Put the focus on insights, not data

The value comes from working with the business

Put the focus on insights, not data

For the data teams, knowing the hearts and minds of end users is a vital ingredient to success…

When business people are asked ‘what reporting do you need’, there are typically one of two instinctive responses: ‘You tell me’, or ‘Give me everything’. Neither one is any good if you are to create and deliver solutions which are valuable to users.

If that sounds like the wrong foot on which to get off on what are typically complex, demanding and high-value projects, you’d be right. Data analysis projects more than most require extremely good communication between business and IT teams, primarily owing to a problem which best characterised as ‘you don’t know what you don’t know’.

This problem routinely crops up in data analytics, as, while business users might have an idea of how analytics can be used within the organisation, making it a reality depends on their ability to explain that to other people – and it can be very difficult to visualise. Once you have your business team on side, getting quality analytics delivery in place depends on a close interaction between those who know how to make it happen from a technical standpoint, and those who need to specify what it is that they want.

Further complications arise because the way data is captured isn’t necessarily the best way to analyse it. This means technical skills are necessary to get the right data into the right format. This is a crucial step – but getting this in place isn’t the end goal of analytics at all, though it tends to become the focus.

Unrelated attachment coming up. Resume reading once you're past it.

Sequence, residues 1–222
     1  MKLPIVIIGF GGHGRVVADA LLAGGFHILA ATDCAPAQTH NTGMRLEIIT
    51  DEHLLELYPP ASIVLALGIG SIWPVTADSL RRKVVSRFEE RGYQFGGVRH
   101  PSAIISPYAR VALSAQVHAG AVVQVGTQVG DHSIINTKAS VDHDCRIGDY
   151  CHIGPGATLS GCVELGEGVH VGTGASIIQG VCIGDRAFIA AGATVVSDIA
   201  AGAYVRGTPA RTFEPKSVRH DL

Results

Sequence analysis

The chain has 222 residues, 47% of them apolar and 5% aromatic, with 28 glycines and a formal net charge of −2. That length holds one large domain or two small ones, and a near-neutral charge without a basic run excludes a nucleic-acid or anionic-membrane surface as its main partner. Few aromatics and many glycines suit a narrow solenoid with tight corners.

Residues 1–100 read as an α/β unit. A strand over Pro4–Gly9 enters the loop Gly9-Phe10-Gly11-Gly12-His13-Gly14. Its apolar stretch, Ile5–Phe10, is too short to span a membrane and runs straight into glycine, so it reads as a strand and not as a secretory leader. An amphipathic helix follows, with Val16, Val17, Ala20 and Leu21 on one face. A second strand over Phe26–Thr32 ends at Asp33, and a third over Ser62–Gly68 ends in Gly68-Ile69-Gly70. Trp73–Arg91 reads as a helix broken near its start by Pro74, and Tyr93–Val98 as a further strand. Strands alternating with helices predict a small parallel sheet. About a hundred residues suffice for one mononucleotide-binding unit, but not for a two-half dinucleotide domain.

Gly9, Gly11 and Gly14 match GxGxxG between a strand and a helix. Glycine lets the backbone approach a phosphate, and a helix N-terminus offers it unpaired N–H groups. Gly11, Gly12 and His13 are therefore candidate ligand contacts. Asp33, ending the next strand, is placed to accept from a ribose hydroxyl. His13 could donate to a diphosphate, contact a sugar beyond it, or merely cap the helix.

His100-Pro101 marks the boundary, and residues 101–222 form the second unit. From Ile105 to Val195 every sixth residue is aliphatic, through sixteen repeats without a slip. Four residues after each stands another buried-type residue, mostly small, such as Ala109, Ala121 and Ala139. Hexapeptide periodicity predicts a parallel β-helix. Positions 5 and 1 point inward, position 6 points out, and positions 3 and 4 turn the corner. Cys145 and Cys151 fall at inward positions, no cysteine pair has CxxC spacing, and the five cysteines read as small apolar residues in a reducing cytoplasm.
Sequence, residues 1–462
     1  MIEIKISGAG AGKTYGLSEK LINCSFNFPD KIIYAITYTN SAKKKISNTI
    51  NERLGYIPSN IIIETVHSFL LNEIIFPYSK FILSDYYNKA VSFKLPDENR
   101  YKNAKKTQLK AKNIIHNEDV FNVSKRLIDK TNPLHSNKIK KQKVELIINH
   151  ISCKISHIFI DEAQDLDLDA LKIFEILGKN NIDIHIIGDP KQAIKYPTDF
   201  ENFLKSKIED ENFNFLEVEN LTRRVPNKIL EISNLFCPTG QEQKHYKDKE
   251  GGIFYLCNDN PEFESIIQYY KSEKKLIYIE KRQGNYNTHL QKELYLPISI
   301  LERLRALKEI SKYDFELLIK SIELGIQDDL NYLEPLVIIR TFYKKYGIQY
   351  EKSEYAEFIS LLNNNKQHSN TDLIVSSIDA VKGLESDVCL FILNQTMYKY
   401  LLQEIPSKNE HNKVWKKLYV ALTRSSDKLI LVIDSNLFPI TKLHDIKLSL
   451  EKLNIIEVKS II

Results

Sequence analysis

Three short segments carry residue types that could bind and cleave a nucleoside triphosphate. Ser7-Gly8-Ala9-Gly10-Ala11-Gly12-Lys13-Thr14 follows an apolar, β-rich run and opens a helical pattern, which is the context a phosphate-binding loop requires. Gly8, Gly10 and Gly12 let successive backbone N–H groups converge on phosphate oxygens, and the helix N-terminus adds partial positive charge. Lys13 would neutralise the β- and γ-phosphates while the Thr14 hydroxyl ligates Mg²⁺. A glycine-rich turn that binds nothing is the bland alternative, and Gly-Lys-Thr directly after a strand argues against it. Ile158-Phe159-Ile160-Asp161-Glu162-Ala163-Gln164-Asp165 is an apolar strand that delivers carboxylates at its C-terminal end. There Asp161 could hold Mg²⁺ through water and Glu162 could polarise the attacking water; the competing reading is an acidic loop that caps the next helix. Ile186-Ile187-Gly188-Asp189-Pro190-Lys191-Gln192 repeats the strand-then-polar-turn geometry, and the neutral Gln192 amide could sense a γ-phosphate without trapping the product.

That’s because a fixation sets in with getting the data sorted out. Specifying and analysing the data for accuracy and suitability becomes the entirety of the exercise, rather than delivering insights from the data.

It might sound crazy, but there is an abundance of projects which get bogged down in this situation. Years go by, with no useable output but an absolute heap of time wasted on specifying requirements. Projects like these are in effect mired in the technical phase, with little or no focus on business outcomes and generally, it becomes apparent that the technical experts aren’t talking to the business side of the house.

And yet, from a technical standpoint, ‘progress’ is being made. The data is clean. The data warehouse is populated. By now though, the business has moved on, with needs that have changed, often dramatically, since the data warehouse was planned and the project signed off.

What happens in such scenarios is that shadow IT initiatives spring up as pockets of frustrated executives bypass the stalled data warehouse and create their own data sources. That raises the spectre of incorrect data driving poor decisions, failed governance and an IT department which has lost control of its most important asset.

This leaves many organisations in a position where they have one of two problems. On the one hand, the data teams are unlikely to get it right the first time, as the business users don’t know what they want until they see it.

On the other, even if the data team did get it right, it doesn’t look like it. That’s because so much time went into building the data warehouse that on completion, the business has moved on and it’s no longer relevant. 

Solving the apparent conundrum depends on an agile approach to working with the business (learn-show-learn-show). You need to speed up the technical delivery – and that’s where the right software makes all the difference, automating the rote stuff and keeping the focus on the end goal of creating business value.

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